A 17-year-old in China, identified only as Zheng, recently sold a kidney on the black market in return for enough money to purchase a laptop and an iPad 2.
When I swapped my Huffy bicycle with streamers on the handlebars for a limited edition Madonna Swatch watch, my parents grounded me indefinitely. At the time the trade seemed obvious and beneficial but looking back, I realize my decision was convoluted by the inordinate desires of childhood.
In the manner of youth, with a passion for obtaining the latest coveted technology, Zheng researched opportunities to raise enough money to purchase the Apple tablet because he "wanted to buy an iPad 2, but didn't have the money," he told reporters.
Zheng was contacted online by a broker offering to buy his kidney for a reported 22,000 RMB, approximately $3,394 USD, about half the annual salary of a Chinese blue-collar worker. The Hunan province hospital where Zheng had his kidney removed denied knowledge of the surgery when confronted by the teenager's mother and authorities but did confess to contracting out its urology department to private individuals. Authorities have been unsuccessful in locating the organ brokers.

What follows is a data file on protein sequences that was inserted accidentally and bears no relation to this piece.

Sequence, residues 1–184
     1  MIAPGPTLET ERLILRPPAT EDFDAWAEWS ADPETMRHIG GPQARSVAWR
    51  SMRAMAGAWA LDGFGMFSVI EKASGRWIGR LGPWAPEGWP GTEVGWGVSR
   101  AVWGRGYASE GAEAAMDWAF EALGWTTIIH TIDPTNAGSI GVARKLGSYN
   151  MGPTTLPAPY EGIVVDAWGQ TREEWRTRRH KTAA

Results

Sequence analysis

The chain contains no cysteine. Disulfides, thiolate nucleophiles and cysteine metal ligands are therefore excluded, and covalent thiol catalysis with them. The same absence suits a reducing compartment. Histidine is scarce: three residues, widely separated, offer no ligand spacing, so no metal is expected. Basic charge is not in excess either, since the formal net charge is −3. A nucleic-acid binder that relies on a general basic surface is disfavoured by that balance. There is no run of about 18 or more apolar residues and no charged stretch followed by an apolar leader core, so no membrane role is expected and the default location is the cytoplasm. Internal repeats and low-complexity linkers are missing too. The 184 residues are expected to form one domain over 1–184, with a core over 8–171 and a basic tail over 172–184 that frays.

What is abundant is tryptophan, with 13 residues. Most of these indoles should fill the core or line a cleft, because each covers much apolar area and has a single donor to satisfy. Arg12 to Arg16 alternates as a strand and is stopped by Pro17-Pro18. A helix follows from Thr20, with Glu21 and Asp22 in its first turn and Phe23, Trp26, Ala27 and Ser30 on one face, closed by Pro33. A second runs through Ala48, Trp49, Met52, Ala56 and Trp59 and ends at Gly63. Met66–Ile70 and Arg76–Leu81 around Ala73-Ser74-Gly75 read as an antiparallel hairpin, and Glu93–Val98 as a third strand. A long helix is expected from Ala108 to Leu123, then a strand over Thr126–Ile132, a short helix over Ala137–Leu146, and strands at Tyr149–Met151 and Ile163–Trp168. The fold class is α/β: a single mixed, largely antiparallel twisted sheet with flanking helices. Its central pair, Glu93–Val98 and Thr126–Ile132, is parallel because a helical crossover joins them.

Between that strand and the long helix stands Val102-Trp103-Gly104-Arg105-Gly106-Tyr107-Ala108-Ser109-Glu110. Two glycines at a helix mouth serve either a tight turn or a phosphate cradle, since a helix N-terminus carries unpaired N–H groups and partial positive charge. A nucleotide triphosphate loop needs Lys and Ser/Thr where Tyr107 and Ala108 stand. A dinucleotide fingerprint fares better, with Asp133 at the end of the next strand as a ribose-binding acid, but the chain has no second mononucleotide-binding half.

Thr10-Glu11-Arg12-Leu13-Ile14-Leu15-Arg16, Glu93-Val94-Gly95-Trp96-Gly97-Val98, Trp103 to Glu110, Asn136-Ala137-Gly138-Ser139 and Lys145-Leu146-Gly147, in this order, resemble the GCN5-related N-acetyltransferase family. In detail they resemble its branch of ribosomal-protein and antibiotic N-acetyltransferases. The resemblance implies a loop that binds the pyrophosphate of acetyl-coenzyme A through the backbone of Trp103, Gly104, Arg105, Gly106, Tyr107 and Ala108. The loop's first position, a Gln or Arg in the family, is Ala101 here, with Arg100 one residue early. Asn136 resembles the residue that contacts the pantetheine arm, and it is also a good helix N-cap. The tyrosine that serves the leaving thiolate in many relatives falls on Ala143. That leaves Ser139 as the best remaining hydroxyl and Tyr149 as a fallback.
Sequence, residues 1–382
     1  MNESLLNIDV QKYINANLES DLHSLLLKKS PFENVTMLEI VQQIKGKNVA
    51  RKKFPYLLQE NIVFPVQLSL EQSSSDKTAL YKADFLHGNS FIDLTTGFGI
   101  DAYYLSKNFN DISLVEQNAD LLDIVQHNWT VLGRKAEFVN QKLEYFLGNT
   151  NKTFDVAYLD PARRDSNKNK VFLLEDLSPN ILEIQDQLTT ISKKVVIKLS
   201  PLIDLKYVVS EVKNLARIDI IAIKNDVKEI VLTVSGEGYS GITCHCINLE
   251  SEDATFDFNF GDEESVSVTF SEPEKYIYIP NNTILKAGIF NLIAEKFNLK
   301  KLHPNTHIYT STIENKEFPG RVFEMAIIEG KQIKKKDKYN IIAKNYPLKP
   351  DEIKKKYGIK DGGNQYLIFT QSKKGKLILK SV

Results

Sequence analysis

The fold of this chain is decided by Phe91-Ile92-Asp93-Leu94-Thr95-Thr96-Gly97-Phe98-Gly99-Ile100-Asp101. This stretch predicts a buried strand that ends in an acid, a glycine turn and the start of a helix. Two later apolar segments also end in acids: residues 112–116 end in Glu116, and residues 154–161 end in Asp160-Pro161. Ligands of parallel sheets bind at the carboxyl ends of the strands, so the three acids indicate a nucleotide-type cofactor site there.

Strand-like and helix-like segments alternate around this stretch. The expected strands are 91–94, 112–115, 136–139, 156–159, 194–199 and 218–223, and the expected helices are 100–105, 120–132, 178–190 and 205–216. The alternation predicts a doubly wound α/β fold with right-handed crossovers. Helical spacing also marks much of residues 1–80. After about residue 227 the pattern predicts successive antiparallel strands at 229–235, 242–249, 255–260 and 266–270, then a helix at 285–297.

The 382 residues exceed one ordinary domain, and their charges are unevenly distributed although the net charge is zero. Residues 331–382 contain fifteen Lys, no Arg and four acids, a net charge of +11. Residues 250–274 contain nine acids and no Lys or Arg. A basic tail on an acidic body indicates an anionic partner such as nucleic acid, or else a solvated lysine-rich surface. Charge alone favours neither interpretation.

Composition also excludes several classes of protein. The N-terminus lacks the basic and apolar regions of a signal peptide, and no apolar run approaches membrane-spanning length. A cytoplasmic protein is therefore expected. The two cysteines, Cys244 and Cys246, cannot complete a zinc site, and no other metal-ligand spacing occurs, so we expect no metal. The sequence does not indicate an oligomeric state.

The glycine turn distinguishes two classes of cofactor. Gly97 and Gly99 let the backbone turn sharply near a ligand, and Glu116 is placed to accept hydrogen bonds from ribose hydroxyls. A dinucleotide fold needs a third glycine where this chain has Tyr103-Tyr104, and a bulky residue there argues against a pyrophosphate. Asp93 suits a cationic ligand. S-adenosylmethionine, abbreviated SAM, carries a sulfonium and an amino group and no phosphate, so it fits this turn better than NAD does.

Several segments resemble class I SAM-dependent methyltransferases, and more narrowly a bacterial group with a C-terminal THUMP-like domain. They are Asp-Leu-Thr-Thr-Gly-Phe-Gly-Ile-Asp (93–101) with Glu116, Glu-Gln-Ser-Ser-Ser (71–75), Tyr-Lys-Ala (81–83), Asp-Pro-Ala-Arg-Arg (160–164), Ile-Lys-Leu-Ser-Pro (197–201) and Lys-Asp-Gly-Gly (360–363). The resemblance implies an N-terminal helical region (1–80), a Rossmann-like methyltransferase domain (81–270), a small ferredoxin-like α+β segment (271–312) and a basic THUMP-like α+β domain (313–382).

It has been estimated that a million Chinese people need an organ transplant each year, but fewer than 10,000 become recipients. However, many foreign "transplant tourists" visit the country to obtain a black market transplant when other options are not available in their own countries.
Zheng reportedly suffered complications following the surgery, but is now recuperating. Selling an organ might have seemed like a good trade for Zheng but, unlike trading a Huffy, he could pay the consequences for the rest of his life. Most individuals with one kidney live quite normal lives; yet, for a technology that will be defunct with Apple's next release that "changes everything again," Zheng is now at a greater risk for high blood pressure, harboring excessive waste protein which can lead to kidney damage, and must carefully avoid alcohol and injury to the area. While these may not be life threatening, in 20 years he will likely experience unnecessary burdens for what Chinese teens today view as a great status symbol. The young don't live to be old, and unfortunately, there will never be an app for that.
I would not hesitate to donate a kidney to a family member in need but not solely for financial gain. When I asked my teenage nephew if he would trade his kidney for an iPad 2, he stated, "Seems like a good deal to me." Surprised at this, I mentioned the news to my husband who agreed that it was ridiculous and stated, "I would have held out for a 52-inch plasma."